Regulation of Mammary Stem/Progenitor Cells by PTEN/Akt/Î²-Catenin Signaling
Citation: Hasan Korkaya, Amanda Paulson, Emmanuelle Charafe-Jauffret, Christophe Ginestier, Marty Brown, Julie Dutcher, Shawn G. Clouthier, Max S. Wicha (2009/06) Regulation of Mammary Stem/Progenitor Cells by PTEN/Akt/Î²-Catenin Signaling. PLoS Biol (Volume 7) (RSS)
DOI (original publisher): 10.1371/journal.pbio.1000121
Semantic Scholar (metadata): 10.1371/journal.pbio.1000121
Sci-Hub (fulltext): 10.1371/journal.pbio.1000121
Internet Archive Scholar (search for fulltext): Regulation of Mammary Stem/Progenitor Cells by PTEN/Akt/Î²-Catenin Signaling
Tagged: Biology (RSS)
Recent evidence suggests that many malignancies, including breast cancer, are driven by a cellular subcomponent that displays stem cell-like properties. The protein phosphatase and tensin homolog (PTEN) is inactivated in a wide range of human cancers, an alteration that is associated with a poor prognosis. Because PTEN has been reported to play a role in the maintenance of embryonic and tissue-specific stem cells, we investigated the role of the PTEN/Akt pathway in the regulation of normal and malignant mammary stem/progenitor cell populations. We demonstrate that activation of this pathway, via PTEN knockdown, enriches for normal and malignant human mammary stem/progenitor cells in vitro and in vivo. Knockdown of PTEN in normal human mammary epithelial cells enriches for the stem/progenitor cell compartment, generating atypical hyperplastic lesions in humanized NOD/SCID mice. Akt-driven stem/progenitor cell enrichment is mediated by activation of the Wnt/Î²-catenin pathway through the phosphorylation of GSK3-Î². In contrast to chemotherapy, the Akt inhibitor perifosine is able to target the tumorigenic cell population in breast tumor xenografts. These studies demonstrate an important role for the PTEN/PI3-K/Akt/Î²-catenin pathway in the regulation of normal and malignant stem/progenitor cell populations and suggest that agents that inhibit this pathway are able to effectively target tumorigenic breast cancer cells.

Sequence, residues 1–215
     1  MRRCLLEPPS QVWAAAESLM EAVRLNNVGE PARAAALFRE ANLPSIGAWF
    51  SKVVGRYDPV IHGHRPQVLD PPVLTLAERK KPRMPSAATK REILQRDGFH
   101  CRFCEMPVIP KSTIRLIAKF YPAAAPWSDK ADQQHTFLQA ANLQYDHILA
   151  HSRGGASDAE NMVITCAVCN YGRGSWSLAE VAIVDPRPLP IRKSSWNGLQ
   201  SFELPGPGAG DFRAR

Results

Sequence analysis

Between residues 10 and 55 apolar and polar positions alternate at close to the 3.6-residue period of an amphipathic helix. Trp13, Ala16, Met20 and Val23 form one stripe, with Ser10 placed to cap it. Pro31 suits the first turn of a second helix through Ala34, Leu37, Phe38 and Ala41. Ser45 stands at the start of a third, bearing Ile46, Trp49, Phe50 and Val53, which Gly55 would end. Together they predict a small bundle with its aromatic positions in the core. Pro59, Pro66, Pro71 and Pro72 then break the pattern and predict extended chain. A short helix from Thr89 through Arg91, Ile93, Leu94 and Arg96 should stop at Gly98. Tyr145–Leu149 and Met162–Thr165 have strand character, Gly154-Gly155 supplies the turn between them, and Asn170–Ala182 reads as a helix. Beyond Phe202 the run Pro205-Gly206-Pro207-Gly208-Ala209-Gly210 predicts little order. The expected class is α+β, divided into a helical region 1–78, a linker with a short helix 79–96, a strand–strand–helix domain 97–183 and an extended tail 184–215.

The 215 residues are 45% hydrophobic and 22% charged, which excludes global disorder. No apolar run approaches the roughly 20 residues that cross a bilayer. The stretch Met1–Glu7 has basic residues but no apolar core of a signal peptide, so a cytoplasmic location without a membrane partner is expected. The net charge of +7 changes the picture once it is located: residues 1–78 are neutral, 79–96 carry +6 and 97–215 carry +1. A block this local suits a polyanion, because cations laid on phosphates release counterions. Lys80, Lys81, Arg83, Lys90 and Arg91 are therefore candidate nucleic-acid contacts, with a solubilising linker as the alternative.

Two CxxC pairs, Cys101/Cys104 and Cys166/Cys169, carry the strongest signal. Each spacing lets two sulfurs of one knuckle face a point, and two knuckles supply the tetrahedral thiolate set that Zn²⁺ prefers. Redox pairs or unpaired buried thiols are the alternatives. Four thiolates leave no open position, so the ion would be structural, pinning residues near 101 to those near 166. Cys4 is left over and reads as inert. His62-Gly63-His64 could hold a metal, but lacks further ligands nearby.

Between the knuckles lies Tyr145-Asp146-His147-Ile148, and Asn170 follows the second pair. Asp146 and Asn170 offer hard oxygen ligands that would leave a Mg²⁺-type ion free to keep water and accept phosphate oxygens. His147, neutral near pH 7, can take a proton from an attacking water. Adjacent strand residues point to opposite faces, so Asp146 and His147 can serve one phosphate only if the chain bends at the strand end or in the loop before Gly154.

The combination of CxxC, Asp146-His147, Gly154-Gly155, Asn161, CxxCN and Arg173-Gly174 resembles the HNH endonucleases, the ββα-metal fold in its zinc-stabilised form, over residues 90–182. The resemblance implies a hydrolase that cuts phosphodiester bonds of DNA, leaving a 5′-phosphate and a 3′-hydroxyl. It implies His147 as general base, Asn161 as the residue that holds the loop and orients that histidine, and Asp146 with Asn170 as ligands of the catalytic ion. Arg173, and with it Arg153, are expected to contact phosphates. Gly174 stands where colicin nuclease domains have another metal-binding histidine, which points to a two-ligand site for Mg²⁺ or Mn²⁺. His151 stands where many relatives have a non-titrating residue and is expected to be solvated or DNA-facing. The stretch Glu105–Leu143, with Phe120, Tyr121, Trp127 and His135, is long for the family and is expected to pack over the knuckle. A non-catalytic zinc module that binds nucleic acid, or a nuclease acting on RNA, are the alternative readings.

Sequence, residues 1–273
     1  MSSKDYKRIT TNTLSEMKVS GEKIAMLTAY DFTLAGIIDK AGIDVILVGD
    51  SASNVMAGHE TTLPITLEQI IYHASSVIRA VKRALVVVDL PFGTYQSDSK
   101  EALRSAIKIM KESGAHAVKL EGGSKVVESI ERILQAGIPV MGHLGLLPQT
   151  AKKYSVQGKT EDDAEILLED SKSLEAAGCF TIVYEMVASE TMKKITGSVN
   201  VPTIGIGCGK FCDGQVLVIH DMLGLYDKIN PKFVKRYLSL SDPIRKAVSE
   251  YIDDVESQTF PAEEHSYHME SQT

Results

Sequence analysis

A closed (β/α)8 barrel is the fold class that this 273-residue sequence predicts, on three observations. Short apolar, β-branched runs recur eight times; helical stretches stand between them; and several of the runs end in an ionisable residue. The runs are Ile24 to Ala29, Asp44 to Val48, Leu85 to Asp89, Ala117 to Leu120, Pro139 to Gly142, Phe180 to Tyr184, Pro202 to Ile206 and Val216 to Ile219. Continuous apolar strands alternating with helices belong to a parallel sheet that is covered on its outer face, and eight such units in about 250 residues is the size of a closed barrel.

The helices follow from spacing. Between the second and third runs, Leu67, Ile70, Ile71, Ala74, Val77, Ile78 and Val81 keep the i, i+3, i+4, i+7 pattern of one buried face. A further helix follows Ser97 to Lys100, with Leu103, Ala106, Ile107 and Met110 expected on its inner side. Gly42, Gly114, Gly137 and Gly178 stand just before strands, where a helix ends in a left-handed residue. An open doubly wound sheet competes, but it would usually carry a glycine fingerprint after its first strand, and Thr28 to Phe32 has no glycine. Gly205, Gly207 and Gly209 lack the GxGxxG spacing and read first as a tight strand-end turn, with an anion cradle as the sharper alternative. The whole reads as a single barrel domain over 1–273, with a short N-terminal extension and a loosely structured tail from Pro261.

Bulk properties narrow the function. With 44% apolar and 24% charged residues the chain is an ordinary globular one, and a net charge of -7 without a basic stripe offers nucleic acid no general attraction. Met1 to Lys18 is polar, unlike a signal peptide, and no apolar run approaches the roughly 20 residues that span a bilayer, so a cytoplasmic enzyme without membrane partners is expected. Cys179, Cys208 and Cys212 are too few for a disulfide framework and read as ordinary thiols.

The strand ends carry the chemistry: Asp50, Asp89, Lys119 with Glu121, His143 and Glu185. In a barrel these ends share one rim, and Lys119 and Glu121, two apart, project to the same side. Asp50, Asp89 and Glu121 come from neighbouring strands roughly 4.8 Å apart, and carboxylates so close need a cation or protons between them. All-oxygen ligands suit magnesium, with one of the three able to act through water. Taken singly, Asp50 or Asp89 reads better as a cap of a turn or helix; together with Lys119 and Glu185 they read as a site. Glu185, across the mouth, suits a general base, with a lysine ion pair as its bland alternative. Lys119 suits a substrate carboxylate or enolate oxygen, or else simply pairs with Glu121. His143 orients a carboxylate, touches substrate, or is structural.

Healthy adult tissues are maintained through the regulated proliferation of a subset of cells known as tissue stem and progenitor cells. Many cancers, including breast cancer, also are thought to arise from and be maintained by a small population of cells that display stem cell-like properties. These so-called "cancer stem cells" may also contribute to tumor spread (metastasis), resistance to treatment, and disease relapse. Effective, long-lasting cancer treatments likely will need to target and eliminate these cancer stem cells specifically. Regulatory pathways responsible for maintaining cancer stem cells therefore may be promising targets for treatment. Breast cancers in humans frequently display abnormalities in the PTEN/PI3K/Akt pathway. We demonstrate using cell culture and a mouse model of breast cancer that stem or progenitor cells in both normal breast tissue and breast tumors are dependent for their continued growth on this pathway and on the Wnt/Î²-catenin pathway. We further show that the drug perifosine, which inhibits the kinase Akt, is able specifically to reduce the population of breast cancer stem or progenitor cells growing in mice. Our findings support the idea that drugs that selectively target breast cancer stem cells through the PTEN/PI3K/Akt pathway may reduce tumor growth and metastasis and result in improved patient outcomes.
This was published in an open access journal.